Linked by Christian F.K. Schaller on Tue 13th Jan 2004 19:28 UTC
Multimedia, AV About 3 years ago I was looking around for something to add multimedia capabilities to my GNOME desktop. At that point in time there wasn't really that much around. I think the most advanced video player for Linux in those days was XAnim, which was neither were moving quickly or could qualify as free software, except in the beer context. Projects like Xine and mplayer had either just started up or not come into existence yet.
Order by: Score:
gstreamer - really getting there
by dabooty on Tue 13th Jan 2004 20:17 UTC

I remember not so long back having loads of issues with gstreamer, but since i'm running the 7.* development series things are working great and it largely replaced xine-based media on my system.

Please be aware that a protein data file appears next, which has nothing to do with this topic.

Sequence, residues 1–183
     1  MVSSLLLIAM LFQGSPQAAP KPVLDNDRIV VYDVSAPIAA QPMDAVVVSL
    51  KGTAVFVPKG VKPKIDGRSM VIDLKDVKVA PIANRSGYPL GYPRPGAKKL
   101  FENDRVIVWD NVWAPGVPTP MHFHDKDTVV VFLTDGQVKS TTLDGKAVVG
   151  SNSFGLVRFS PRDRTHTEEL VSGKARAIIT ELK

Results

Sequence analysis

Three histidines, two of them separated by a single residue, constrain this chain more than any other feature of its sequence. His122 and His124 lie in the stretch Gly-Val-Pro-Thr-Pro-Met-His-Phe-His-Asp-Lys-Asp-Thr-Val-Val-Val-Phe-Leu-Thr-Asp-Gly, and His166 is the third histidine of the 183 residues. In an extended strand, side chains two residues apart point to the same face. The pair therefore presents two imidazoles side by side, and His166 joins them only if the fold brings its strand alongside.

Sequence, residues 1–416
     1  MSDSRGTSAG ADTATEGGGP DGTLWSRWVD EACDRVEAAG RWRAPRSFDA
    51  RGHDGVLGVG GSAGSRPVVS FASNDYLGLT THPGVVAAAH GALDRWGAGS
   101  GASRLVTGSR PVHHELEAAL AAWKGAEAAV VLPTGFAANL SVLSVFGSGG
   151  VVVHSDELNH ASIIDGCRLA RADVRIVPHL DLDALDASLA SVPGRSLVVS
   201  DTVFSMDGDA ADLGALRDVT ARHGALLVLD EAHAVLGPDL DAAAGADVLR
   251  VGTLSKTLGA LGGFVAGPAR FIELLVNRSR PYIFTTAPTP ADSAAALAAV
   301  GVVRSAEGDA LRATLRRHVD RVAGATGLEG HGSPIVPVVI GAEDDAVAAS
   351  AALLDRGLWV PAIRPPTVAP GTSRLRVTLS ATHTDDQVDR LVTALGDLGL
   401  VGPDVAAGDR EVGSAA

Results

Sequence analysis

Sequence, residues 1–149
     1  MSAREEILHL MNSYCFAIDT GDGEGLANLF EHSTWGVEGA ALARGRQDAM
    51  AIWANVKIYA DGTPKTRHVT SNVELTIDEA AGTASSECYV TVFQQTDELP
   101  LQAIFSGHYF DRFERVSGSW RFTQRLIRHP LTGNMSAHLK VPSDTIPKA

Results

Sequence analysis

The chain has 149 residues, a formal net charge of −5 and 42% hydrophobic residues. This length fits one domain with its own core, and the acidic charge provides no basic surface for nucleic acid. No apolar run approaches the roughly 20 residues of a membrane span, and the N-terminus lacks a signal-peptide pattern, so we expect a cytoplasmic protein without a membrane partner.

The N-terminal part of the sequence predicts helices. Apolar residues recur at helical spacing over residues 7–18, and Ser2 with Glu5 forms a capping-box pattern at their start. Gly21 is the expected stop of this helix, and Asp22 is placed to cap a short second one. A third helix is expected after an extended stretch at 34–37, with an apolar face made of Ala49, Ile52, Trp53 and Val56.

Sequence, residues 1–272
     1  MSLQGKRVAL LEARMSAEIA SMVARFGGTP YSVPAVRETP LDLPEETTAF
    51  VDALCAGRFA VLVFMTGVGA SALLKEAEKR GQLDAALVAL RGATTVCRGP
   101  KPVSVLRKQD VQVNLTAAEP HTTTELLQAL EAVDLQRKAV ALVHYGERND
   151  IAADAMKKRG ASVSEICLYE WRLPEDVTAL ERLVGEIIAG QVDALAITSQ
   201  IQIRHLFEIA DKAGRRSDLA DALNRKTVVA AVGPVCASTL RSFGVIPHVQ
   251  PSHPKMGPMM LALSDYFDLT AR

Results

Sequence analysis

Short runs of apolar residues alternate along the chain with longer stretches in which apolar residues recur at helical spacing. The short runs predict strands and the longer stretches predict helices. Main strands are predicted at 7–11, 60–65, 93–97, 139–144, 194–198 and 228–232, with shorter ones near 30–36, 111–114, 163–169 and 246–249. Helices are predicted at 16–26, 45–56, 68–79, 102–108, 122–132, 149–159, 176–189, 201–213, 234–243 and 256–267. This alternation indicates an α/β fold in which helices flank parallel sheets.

Most people will only see this glory when 8.0 comes out, but it will be very good.

to the global domination of free desktops. ;)

a great future for GStreamer
by Jef Pober on Tue 13th Jan 2004 20:19 UTC

Wow... GStreamer sure is starting to rock.

what linux really has been missing
by rain on Tue 13th Jan 2004 20:23 UTC

the lack of a system like gstreamer is what drove me away from developing for linux. however, the lack of a c++ api for gstreamer made me choose the BeOS Media Kit instead, knowing that it would somehow probably make it to other platforms as well.
personal issues made me stop developing my application before it reached alpha stage, but if I ever decide to start developing it again I might perhaps take a second look at gstreamer if someone would just build a c++ wrapper around it.

gstreamer is very important for linux as this will make developing media apps as easy as on Windows or BeOS, so perhaps we will finally see more of them popping up in the next few years. Windows is still a bad system for music production, and will probably never be a good one since MS doesn't care about that market. Linux can be tweaked to perform a lot better in those situations, and will hopefully never have the audio interface hell that windows has.